1) Food: You do NOT need 9 full-course meals. What you do need is about 5-9K calories, with generous helpings of protein, fats, and carbs. The idea behind a 72 hour kit is mobile sustainment. You are NOT mobile when cooking. It takes time and fuel. I cook 1 meal/day when I hike and eat the rest cold. Food bars, nuts, tuna and other stuff is out there that works without needing to stop every 4-5 hours to cook. Additionally, even if you only evacuate only one day, it’s not BAD food and will be perfectly fine to eat while sitting around waiting for the smoke to clear.

    2) Water purification > water. Three gallons is 21 lb.+ of water, and is simply undoable for most people. I carry a max of 2L unless I’m hiking in the desert. Even if you could hump 3 gal. of water, what if one leaks? Now you’ve lost 1/3 of your supply and are left to trust the gods of clean water with the fate of your bowels.

    3)Matches? Come on. Bic lighter and magnesium/steel are your best friend. Matches are for when you are up crap creek without a paddle. I’ve only had them work in near-ideal conditions, and if it comes to that I’d rather use a camp stove and call it good.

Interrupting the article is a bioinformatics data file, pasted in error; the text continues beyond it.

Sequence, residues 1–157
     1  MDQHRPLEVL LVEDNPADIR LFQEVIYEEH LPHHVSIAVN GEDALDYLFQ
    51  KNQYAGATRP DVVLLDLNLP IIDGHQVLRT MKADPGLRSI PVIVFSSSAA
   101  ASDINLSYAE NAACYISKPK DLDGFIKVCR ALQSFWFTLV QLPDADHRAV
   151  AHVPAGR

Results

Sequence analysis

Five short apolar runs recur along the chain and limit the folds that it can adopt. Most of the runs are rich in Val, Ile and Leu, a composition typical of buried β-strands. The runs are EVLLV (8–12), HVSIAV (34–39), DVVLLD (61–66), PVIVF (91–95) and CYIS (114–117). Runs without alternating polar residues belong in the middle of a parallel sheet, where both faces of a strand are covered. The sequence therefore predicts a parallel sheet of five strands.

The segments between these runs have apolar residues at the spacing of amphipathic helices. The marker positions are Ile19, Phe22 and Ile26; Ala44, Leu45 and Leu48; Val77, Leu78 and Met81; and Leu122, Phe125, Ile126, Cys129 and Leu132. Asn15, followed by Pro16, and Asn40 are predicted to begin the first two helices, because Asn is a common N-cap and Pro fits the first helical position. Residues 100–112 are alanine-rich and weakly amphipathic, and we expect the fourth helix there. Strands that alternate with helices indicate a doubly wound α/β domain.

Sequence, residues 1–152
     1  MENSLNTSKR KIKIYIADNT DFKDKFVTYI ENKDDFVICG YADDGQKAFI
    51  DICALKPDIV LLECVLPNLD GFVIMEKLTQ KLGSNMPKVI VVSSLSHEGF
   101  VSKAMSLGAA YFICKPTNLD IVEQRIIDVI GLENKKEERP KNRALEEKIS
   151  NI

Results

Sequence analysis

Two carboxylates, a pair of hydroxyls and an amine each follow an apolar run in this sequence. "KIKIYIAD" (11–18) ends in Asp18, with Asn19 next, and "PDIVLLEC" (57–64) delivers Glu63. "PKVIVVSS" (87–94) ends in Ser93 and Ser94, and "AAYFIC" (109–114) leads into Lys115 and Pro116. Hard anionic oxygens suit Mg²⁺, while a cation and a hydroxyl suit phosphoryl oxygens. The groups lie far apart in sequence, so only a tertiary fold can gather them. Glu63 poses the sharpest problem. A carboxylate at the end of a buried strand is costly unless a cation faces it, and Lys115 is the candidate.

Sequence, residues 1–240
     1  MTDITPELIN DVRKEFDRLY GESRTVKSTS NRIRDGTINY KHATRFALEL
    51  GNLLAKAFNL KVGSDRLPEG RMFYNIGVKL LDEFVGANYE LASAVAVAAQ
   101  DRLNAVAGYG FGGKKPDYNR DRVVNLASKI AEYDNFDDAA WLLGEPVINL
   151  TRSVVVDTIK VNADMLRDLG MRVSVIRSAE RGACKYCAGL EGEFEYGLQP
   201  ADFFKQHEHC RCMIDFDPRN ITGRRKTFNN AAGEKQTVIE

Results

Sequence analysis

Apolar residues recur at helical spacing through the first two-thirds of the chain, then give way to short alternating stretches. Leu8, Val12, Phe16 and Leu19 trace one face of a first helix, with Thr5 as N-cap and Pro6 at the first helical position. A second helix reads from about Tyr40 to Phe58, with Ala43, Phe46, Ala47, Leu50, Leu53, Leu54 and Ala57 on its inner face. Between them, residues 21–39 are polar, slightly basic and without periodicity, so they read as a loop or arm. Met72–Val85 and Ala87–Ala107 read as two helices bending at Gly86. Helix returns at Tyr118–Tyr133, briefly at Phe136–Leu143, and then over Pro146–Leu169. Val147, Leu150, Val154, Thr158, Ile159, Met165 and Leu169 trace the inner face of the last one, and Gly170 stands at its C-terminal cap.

Not a bad article per se, but my experiences beg me to differ on some points. This would be a very good start for in-home sustainment though. Perhaps that is what the author was going for. Also, TP/sani wipes…anyone whose been there knows.

  5. I can see having a tool kit in your car (truck, rv, whatever), but not in a BOB. Food, water, shelter, warmth, light, and communications are the necessities. Hammers, pliers, and screwdrivers aren’t going to help provide those.

    Also, I agree with JJ about the food. For 72-hours all you need is calories. SOS bars, Clif bars, maybe 1 or 2 MRE’s if you want some variety. Pack a zip lock baggie filled with Jolly Ranchers and butterscotch candies. Don’t waste a lot of space in your pack with packages of Mountain House. Most of what’s in the bag is air (why don’t they vacuum pack that stuff to save space?). If you’re worried about nutrients, pack some vitamins in a clean Altoids tin and seal it with wax or duct tape.

  6. Basic in this kit are good, though 9 meals is overrated realistically in a ’emergency situation’ you will not be eating in regular cycles. I have found that I eat about 2 meals worth scattered over day. Suggest actually going out for 72 hours and seeing what your food/energy requirements are and adjusting your food load accordingly.Also:
    1. Drop matchs as primary and get with technolgy Bic Lighter. Matchs are ncie backup but the 500 plus flames I get out of one Bic lighter…
    2. Multi tool very handy plus I add a 4 in 1 file and sharpening stone (diamond rod. Keeping tools such as knifes/axes sharp is a key skill and requriemetn if you really use them.
    Stay Safe/Shoot Straight – Chief

  7. I was confused at first when I read the 9 full-course meals needed, but then I realized it was talking about a home 72-hr kit, not a bugout bag. I would be impossible to carry that much in a bag